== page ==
St Helena, and the art of losing your girlfriend on a boat

A few years ago I went to St Helena for the first time. They’ve finished building the airport now, so soon you’ll be able to jump across the south Atlantic in a couple of bored hours while flipping through an in-flight magazine, but for the past 500 years the only way to reach the island was by ship – five days on a wide horizon above the bottomless blue.

I had a berth booked on the RMS St Helena, the last working mail ship in the world. But it’s more than an adventure spending a week sailing to a small island, it’s a commitment, which is the rug upon which my best intentions so often snag their feet. I was travelling with my girlfriend. We’d been seeing each other for a while but we lived in different cities, which was the way I liked it. My previous four relationships had all been long distance too; when it came to love, I was like Einstein, constantly devising new theories about the relative importance of space and time.

I flew to Cape Town and we met at her house and drove to the harbour. I couldn’t help noticing that the RMS isn’t a large ship. She’s muscular and compact, like something you’d use to patrol the fjords looking for U-boats. There’s romance in a mail ship, but not much space. I felt a slight twinge of panic as we went below. Maybe it was an optical illusion. Maybe the ship was bigger on the inside than on the outside. Maybe the cabin would be…

‘Wow,’ I said. ‘Bunk beds.’

‘It’s fun!’ she said. ‘Look how cosy we’ll be!’

‘You don’t think it’s a bit narrow?’ I asked. ‘If I stretch out my arms I can touch both walls.’

‘Don’t be silly,’ she said. ‘It’s an adventure. Stop stretching your arms.’

We were casting off in an hour so she decided to take a quick nap. I sat at a narrow table in front of the small round porthole and looked out at the grey, drizzling Cape Town harbour. I felt like a submariner looking at the sky through a periscope.

I had never spent this long in another adult’s company before. Five days out, a week on the island, five days home. What would we talk about? Did I have enough things to say? Who was she, actually? Who was I? This was crazy! I couldn’t do it! The steel walls pressed in on me, I felt as though we were sinking. I was trapped and we were sinking! This was a terrible mistake!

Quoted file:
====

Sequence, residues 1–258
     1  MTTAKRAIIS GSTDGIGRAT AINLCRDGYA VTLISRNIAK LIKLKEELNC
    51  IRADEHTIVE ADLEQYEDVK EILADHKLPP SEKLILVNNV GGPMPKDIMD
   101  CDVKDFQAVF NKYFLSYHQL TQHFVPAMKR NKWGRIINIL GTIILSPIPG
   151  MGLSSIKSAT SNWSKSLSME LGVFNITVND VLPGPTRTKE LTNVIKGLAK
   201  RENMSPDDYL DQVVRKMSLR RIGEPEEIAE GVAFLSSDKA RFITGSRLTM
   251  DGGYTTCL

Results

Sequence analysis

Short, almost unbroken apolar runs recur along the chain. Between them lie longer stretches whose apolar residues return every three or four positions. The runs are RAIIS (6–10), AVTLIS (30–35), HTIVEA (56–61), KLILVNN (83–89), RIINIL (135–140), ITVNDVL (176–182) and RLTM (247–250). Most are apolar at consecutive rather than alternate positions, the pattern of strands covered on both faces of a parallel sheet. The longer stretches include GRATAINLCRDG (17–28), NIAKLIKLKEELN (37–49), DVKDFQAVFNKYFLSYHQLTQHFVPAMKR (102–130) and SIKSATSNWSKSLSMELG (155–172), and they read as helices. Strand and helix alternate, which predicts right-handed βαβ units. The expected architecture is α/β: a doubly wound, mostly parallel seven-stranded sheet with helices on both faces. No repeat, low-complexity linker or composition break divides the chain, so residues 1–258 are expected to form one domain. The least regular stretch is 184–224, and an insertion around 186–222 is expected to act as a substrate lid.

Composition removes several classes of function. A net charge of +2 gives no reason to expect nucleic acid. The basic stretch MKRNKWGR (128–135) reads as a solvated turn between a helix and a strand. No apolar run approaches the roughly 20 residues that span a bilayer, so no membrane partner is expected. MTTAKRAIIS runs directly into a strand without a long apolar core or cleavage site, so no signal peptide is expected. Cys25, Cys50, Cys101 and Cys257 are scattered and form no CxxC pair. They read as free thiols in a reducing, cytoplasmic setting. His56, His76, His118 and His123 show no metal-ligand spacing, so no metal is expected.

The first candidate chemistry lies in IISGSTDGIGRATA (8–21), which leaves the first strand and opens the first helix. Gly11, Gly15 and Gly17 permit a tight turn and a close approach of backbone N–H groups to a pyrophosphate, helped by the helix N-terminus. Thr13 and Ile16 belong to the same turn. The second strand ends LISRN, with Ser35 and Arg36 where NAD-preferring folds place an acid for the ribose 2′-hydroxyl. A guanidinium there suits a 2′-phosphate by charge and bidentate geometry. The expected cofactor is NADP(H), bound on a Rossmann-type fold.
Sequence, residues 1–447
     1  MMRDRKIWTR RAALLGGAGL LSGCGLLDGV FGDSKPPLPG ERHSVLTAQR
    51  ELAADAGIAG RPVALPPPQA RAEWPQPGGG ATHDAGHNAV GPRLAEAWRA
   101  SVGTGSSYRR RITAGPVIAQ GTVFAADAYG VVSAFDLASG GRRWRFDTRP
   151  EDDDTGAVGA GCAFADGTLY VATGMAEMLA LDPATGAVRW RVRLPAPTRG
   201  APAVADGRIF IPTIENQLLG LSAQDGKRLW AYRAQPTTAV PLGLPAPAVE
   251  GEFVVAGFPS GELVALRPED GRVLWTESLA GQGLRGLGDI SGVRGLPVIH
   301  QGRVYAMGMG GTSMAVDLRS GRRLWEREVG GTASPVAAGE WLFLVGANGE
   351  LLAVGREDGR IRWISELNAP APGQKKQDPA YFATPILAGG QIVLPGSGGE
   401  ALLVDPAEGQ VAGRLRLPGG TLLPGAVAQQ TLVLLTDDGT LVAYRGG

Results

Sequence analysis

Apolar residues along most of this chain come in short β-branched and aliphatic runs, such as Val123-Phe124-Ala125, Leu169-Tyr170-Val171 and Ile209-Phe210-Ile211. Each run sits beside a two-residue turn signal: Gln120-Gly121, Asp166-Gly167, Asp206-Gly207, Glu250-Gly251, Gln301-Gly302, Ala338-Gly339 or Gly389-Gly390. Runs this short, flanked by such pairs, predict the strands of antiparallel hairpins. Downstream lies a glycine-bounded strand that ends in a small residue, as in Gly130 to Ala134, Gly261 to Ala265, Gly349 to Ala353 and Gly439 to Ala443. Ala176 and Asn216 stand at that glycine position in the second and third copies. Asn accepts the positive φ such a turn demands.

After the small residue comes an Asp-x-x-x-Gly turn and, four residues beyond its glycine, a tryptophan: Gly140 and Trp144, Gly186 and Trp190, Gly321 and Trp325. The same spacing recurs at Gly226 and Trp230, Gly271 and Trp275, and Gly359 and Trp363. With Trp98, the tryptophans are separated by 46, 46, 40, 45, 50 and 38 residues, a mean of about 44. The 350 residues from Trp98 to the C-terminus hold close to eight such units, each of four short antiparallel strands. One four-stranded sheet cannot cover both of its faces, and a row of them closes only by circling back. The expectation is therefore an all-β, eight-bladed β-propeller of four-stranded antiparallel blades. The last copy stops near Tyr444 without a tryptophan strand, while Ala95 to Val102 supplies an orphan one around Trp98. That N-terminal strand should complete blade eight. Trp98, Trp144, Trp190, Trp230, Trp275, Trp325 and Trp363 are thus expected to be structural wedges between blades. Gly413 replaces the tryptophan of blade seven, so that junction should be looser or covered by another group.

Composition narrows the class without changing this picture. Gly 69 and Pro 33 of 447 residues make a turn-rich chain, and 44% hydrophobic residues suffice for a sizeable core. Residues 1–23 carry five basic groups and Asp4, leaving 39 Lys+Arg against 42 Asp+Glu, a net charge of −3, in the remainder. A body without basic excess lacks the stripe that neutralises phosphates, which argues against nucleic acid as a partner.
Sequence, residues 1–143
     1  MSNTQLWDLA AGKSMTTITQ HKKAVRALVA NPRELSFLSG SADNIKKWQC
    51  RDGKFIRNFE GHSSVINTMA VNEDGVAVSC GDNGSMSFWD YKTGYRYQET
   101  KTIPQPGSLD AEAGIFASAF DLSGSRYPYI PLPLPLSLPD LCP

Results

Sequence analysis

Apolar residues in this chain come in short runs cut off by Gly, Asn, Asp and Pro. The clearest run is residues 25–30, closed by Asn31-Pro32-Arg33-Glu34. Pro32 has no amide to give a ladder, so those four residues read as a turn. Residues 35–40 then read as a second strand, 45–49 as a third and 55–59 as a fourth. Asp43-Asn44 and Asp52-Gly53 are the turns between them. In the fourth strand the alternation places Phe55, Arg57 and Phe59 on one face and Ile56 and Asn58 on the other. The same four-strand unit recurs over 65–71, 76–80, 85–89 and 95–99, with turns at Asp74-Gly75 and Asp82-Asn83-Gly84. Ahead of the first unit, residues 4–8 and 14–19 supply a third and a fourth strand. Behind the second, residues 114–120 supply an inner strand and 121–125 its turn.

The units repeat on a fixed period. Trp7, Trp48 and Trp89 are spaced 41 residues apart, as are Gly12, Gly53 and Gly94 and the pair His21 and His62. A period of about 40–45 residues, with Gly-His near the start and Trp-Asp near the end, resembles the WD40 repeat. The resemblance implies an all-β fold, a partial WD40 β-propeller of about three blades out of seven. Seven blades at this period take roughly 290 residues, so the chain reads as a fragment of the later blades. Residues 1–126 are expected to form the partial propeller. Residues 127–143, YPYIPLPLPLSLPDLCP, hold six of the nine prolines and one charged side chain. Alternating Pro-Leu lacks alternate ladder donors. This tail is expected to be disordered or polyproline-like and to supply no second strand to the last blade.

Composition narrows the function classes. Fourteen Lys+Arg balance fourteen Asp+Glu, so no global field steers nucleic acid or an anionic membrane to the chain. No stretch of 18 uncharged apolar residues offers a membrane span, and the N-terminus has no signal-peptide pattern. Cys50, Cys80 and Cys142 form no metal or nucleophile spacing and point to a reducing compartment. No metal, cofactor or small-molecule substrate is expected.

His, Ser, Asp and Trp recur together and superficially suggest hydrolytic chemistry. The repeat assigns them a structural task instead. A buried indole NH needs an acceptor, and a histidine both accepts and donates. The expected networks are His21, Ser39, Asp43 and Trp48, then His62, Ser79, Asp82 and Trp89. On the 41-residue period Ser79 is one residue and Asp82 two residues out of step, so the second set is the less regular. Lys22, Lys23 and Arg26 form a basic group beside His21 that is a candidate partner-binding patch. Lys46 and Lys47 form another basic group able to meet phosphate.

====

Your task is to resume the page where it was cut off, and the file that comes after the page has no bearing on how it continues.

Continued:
I went up on deck and stood at the rail, trembling. What should I do? Should I just disembark and catch a taxi to the airport and never look back? I had to do something. She came up and stood beside me. ‘Hey,’ she said, ’are you okay?’

‘This is wrong,’ I said. ‘I don’t think we should be together.’

And as I said it I knew that maybe I’d done the wrong thing, and there was a good chance it wasn’t true, but there was a blast from the funnel and the ship pulled away. I looked at the green churning water opening between me and the continent and for a moment I wondered if I could still jump for it.

I don’t know how I would have reacted if someone had done that to me, but I can truthfully say it wouldn’t have been with her grace and dignity. For three weeks in close company she was the calmest and kindest of companions. There were no tears, no recriminations, no unpleasant scenes. We kept each other company aboard and we read side by side and she looked after me when I was seasick, and we hiked and scuba-dived and visited Napoleon’s house. We had a good time.

Three weeks later, as Table Mountain rose like a cloud out of the sea ahead of us, I told her I was sorry, that I’d been afraid of intimacy but a voyage reveals character and I knew now how lucky I was to be with her. And she smiled sadly and said she understood, but she wasn’t getting back together with me. Because it was good that I’d learnt something about myself, and that I’d learnt about her, but she’d learnt about me too.

Getaway, 27 January 2016